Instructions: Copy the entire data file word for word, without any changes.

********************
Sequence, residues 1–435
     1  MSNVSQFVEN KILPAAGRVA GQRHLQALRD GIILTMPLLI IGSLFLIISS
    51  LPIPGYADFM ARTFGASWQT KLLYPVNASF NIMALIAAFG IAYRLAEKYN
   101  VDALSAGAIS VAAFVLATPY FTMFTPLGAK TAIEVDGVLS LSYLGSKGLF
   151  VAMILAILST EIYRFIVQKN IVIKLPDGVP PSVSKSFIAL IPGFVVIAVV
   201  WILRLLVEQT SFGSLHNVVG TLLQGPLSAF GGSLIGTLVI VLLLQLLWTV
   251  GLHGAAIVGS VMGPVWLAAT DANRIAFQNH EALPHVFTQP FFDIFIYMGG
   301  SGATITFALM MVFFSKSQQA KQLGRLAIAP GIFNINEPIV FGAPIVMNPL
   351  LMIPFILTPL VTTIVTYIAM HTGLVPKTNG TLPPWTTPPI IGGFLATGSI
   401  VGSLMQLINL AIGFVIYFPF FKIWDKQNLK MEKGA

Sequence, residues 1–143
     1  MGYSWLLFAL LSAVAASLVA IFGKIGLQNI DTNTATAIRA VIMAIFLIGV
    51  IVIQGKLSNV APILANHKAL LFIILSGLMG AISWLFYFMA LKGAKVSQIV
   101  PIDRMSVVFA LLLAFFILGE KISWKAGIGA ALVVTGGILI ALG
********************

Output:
Sequence, residues 1–435
     1  MSNVSQFVEN KILPAAGRVA GQRHLQALRD GIILTMPLLI IGSLFLIISS
    51  LPIPGYADFM ARTFGASWQT KLLYPVNASF NIMALIAAFG IAYRLAEKYN
   101  VDALSAGAIS VAAFVLATPY FTMFTPLGAK TAIEVDGVLS LSYLGSKGLF
   151  VAMILAILST EIYRFIVQKN IVIKLPDGVP PSVSKSFIAL IPGFVVIAVV
   201  WILRLLVEQT SFGSLHNVVG TLLQGPLSAF GGSLIGTLVI VLLLQLLWTV
   251  GLHGAAIVGS VMGPVWLAAT DANRIAFQNH EALPHVFTQP FFDIFIYMGG
   301  SGATITFALM MVFFSKSQQA KQLGRLAIAP GIFNINEPIV FGAPIVMNPL
   351  LMIPFILTPL VTTIVTYIAM HTGLVPKTNG TLPPWTTPPI IGGFLATGSI
   401  VGSLMQLINL AIGFVIYFPF FKIWDKQNLK MEKGA

Sequence, residues 1–143
     1  MGYSWLLFAL LSAVAASLVA IFGKIGLQNI DTNTATAIRA VIMAIFLIGV
    51  IVIQGKLSNV APILANHKAL LFIILSGLMG AISWLFYFMA LKGAKVSQIV
   101  PIDRMSVVFA LLLAFFILGE KISWKAGIGA ALVVTGGILI ALG